Head to head

READY TO TALK: After several City Council members voiced their opinion on the issue, Mayor Esther Manheimer announced during the June 11 meeting that Council members would publicly discuss the city’s options for challenging state-imposed district elections on July 2.

The first faceoff for the trio of candidates vying to be Asheville's next mayor revealed different positions on issues ranging from downtown development to funding for the Asheville Art Museum. But they generally agreed about the city’s difficult relationship with the N.C. General Assembly.

More than 100 people attended an Aug. 28 forum at the Country Club of Asheville, hosted by Leadership Asheville. Moderator Ed Hay, a former vice mayor who is vice president of the sponsoring group, fielded questions submitted by audience members on 3-by-5 cards. Asked how they would handle the city’s relationship with a hostile state Legislature, all three candidates — Vice Mayor Esther Manheimer, former city Risk Management Director John Miall, and community activist Martin Ramsey, who works at a downtown restaurant — said the General Assembly is targeting Asheville.

“A hostile Legislature is what we have on our hands,” Manheimer declared. “I don't think any one person can be effective in leading this community unless you're able to work collaboratively with others. You have got to create partnerships if you are going to be effective, and especially in dealing with our Legislature.” She mentioned a N.C. League of Municipalities resolution, written by City Council, supporting Asheville's efforts to retain its water system. All told, 50 cities signed the resolution, noted Manheimer.

Miall applauded the resolution but said Council members should have tried to mobilize their constituents to vote certain legislators out of office. “We need to galvanize the support that puts our local people in office, and grow that out into the community around us,” he observed.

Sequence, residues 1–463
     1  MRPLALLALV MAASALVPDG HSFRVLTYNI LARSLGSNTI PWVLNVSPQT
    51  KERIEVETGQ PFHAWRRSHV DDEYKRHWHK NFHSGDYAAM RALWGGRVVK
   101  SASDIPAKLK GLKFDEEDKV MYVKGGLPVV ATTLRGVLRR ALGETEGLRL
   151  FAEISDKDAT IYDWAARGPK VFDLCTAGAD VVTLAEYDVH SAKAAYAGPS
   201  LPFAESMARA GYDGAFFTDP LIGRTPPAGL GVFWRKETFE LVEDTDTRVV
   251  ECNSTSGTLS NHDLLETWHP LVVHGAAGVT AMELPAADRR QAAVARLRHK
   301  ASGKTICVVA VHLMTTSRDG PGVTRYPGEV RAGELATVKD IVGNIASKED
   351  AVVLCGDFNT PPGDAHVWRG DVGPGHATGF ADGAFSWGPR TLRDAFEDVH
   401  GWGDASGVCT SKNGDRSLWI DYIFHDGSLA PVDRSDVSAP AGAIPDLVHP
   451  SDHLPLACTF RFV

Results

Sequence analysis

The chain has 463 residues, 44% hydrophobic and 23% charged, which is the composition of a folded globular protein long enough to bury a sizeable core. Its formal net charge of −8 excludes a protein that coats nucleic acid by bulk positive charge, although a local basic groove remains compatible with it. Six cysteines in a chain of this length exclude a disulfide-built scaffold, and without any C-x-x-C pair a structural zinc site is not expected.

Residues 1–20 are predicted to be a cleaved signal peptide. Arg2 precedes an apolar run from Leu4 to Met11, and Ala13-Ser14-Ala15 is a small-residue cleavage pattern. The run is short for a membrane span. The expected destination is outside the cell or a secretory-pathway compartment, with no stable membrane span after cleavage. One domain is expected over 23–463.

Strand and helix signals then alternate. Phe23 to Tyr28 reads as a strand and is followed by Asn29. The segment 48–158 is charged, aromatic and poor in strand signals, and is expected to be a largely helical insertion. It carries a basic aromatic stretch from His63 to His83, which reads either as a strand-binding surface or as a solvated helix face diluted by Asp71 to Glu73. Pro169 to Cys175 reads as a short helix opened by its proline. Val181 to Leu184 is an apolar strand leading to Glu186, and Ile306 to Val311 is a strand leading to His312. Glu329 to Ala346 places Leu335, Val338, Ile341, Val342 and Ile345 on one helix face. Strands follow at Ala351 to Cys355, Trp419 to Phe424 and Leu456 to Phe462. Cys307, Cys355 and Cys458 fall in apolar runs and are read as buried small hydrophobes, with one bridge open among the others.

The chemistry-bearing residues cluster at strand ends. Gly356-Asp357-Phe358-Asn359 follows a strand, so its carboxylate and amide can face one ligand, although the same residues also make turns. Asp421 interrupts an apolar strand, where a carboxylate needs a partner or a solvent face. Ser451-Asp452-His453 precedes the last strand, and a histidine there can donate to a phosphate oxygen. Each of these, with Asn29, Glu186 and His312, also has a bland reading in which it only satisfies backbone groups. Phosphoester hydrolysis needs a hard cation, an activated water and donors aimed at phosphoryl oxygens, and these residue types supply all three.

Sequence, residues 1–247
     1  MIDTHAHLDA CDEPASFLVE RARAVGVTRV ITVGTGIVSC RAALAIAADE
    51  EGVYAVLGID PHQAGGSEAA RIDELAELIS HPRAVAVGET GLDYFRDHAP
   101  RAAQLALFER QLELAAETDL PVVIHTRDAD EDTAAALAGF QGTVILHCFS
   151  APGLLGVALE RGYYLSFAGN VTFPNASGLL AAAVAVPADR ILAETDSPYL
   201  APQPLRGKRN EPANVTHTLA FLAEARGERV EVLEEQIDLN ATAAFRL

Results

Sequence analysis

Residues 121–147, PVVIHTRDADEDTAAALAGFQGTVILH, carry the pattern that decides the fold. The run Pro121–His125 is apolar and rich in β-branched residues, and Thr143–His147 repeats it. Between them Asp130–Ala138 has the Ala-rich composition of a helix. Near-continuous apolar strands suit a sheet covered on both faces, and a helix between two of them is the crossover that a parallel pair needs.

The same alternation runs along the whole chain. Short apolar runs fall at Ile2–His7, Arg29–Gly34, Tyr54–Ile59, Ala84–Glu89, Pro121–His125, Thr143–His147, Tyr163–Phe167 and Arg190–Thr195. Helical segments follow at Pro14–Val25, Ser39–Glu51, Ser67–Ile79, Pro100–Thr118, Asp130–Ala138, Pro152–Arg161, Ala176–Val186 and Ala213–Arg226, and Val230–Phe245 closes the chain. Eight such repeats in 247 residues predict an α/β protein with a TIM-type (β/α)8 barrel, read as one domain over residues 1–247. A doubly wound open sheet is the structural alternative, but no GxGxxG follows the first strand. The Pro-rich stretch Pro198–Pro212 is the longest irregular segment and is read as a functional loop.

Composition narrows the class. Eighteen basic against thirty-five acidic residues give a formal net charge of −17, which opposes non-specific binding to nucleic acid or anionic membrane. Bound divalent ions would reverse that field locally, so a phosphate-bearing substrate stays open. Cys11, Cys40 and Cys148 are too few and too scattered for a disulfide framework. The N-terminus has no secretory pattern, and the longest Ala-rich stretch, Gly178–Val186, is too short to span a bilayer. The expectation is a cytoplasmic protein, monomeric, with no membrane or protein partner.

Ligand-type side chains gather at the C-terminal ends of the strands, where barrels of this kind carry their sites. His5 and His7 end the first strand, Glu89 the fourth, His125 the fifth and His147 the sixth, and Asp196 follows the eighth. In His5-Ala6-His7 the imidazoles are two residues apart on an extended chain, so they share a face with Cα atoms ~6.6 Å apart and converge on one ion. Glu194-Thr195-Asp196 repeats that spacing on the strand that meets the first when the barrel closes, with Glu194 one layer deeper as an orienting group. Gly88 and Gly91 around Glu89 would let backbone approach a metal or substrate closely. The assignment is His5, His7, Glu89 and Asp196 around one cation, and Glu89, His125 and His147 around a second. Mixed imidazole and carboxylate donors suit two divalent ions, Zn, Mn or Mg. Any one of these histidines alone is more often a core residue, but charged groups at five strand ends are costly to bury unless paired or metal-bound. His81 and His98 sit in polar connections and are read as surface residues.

Ramsey, echoing his opening statements about the importance of reaching out to voters, said the makeup of the General Assembly could change within the next two years. “For the time being, let's try to keep them from burning the place down as fast as they can,” he urged.

When asked about the $2 million City Council allocated June 11 for renovations and repairs at the Asheville Art Museum, Ramsey said it’s an example of why he wants the city to adopt participatory budgeting, which would enable Asheville residents to directly decide how to spend a portion of the city’s money.

This approach, he said, would “require us to have discussions about what we actually want to do with limited money and abilities to implement those things.” When five or six people have the power to make such decisions, added Ramsey, “That's fundamentally undemocratic, and I don't support it.”